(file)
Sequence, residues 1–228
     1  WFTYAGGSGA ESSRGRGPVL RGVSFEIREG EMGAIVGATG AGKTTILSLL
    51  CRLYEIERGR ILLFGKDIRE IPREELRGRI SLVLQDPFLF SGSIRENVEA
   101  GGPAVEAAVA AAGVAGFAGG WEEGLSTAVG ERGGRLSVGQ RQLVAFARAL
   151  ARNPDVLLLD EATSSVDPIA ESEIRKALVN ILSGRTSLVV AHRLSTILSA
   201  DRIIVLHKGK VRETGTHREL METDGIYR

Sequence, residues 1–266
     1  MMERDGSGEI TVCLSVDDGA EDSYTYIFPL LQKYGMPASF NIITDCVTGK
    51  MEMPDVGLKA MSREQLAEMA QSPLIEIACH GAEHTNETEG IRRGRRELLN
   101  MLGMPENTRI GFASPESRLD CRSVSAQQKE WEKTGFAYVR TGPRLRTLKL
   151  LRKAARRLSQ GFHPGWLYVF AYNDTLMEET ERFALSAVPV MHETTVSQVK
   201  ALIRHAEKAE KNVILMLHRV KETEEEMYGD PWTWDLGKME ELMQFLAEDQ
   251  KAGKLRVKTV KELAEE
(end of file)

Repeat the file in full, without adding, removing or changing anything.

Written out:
Sequence, residues 1–228
     1  WFTYAGGSGA ESSRGRGPVL RGVSFEIREG EMGAIVGATG AGKTTILSLL
    51  CRLYEIERGR ILLFGKDIRE IPREELRGRI SLVLQDPFLF SGSIRENVEA
   101  GGPAVEAAVA AAGVAGFAGG WEEGLSTAVG ERGGRLSVGQ RQLVAFARAL
   151  ARNPDVLLLD EATSSVDPIA ESEIRKALVN ILSGRTSLVV AHRLSTILSA
   201  DRIIVLHKGK VRETGTHREL METDGIYR

Sequence, residues 1–266
     1  MMERDGSGEI TVCLSVDDGA EDSYTYIFPL LQKYGMPASF NIITDCVTGK
    51  MEMPDVGLKA MSREQLAEMA QSPLIEIACH GAEHTNETEG IRRGRRELLN
   101  MLGMPENTRI GFASPESRLD CRSVSAQQKE WEKTGFAYVR TGPRLRTLKL
   151  LRKAARRLSQ GFHPGWLYVF AYNDTLMEET ERFALSAVPV MHETTVSQVK
   201  ALIRHAEKAE KNVILMLHRV KETEEEMYGD PWTWDLGKME ELMQFLAEDQ
   251  KAGKLRVKTV KELAEE